Instead, you hand him a 2-way radio that works between your room and his room. And you inform him that when he wakes up, he should press a button on the radio and say "I'm awake". You are going to be listening to that radio, waiting for him to say he's awake. This, in essence, is how a delegate works.

You're creating an "object" (the radio) that allows you to listen in on an event you specify. You don't want him to send any other messages to you right now, except when he wakes up. And you want to know immediately when he does, so you can go over to his room and say hi. (the methods that are called when a delegate event fires). You're also currently specifying that only you are listening on his radio.

Let's say you want your friend to come into the room at the same time as you, and do something else entirely, like fluff your brother's pillow. You will then give him an identical radio, that also hooks into your brother's radio, and inform him to wait and listen for the "i'm awake" signal.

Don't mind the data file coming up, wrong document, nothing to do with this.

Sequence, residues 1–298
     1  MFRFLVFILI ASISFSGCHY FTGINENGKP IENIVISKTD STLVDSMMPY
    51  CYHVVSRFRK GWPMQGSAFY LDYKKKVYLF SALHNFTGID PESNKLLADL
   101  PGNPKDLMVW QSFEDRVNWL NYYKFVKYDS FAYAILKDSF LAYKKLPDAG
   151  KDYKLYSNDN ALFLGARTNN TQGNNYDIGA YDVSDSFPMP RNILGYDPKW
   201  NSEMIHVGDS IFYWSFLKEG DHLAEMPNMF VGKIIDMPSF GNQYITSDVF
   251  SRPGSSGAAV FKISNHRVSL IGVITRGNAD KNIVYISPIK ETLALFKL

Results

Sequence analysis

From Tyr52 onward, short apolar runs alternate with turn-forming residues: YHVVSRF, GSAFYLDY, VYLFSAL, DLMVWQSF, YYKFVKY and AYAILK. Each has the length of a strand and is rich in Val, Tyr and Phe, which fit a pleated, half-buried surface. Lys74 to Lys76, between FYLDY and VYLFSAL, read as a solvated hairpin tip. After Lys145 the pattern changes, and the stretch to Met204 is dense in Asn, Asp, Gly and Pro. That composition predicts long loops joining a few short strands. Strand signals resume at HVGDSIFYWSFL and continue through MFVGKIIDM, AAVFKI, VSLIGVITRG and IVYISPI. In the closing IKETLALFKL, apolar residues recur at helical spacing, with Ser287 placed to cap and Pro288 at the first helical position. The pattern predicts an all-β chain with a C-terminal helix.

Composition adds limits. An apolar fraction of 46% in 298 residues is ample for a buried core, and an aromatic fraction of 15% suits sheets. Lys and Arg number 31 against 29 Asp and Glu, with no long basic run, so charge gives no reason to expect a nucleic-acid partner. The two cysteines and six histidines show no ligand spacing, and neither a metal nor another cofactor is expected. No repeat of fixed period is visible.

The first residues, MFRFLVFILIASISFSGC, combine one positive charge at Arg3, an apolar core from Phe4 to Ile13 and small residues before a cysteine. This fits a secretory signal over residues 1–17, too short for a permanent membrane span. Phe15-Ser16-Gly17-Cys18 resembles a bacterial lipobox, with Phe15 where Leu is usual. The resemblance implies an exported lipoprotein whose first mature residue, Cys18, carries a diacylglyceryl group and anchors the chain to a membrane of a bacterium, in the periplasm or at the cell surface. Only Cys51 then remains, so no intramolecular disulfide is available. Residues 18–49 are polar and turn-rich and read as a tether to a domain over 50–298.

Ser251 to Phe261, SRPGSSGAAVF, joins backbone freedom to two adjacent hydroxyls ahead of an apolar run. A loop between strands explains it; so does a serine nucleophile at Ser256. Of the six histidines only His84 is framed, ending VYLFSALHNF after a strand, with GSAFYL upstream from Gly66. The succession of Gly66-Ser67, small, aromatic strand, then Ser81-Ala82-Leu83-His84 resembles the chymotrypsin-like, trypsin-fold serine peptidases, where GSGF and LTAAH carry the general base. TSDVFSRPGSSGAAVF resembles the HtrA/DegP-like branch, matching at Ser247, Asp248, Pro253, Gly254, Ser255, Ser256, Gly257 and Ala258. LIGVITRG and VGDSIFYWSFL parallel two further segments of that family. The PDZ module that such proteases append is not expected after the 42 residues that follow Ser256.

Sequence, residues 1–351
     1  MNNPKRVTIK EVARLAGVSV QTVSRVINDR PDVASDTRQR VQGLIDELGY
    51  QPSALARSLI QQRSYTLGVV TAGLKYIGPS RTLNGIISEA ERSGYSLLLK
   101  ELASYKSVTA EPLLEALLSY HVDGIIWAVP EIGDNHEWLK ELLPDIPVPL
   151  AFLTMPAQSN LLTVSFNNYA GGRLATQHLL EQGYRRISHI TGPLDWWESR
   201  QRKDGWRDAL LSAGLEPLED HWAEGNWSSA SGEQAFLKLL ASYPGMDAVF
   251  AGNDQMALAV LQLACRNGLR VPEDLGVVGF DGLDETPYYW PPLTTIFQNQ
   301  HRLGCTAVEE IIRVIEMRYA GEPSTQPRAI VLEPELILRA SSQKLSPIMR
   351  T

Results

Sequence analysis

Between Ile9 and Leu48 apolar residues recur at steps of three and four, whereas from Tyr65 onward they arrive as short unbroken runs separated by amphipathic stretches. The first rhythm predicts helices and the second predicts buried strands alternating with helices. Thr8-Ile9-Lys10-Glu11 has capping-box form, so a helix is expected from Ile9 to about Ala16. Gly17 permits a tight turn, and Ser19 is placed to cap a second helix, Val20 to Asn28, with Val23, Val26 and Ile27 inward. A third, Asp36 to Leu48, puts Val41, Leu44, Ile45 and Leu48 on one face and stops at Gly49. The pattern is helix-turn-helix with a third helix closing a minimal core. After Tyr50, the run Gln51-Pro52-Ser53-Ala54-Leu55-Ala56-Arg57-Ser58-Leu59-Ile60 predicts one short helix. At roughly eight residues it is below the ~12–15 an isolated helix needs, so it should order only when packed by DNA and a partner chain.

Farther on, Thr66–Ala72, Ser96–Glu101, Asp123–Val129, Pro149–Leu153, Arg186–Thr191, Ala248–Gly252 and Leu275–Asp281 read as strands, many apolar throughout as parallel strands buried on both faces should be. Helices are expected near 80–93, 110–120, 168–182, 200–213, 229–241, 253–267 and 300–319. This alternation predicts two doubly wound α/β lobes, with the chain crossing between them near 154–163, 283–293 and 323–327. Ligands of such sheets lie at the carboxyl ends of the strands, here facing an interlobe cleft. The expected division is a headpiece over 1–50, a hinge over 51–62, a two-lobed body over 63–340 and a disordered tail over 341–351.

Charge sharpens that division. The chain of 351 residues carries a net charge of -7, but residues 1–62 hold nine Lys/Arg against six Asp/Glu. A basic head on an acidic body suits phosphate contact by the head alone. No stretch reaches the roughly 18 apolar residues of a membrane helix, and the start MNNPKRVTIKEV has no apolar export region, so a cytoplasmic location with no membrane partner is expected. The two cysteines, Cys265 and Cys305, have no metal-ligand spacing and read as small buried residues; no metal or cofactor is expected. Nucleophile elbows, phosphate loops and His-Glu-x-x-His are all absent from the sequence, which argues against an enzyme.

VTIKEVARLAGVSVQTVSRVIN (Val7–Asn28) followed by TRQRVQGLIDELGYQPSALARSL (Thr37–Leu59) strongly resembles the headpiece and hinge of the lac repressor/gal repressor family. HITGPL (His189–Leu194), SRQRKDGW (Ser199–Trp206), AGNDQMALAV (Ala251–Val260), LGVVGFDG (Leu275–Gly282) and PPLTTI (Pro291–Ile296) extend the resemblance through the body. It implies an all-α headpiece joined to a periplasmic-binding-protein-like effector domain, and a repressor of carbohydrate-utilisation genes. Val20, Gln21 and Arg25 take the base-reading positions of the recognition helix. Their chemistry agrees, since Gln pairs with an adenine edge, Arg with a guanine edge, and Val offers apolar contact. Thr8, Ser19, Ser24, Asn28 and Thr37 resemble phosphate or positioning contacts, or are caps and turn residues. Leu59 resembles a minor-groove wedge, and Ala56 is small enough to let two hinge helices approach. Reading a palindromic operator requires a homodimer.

Then, when your brother wakes up, he says "I'm awake!" and both you and your friend walk into the room. You say hi, and your friend fluffs the pillow, then you both exit.

Later, if you decide you don't care to say hi anymore, you turn off your radio. Now, you have no idea when your brother is awake or not, because you aren't listening anymore.

So again, you are each classes in this example, and each of you have your own methods. You're playing a computer game (PlayComputerGame()), your friend is building a puzzle (BuildPuzzle()) and your brother is napping (Napping()).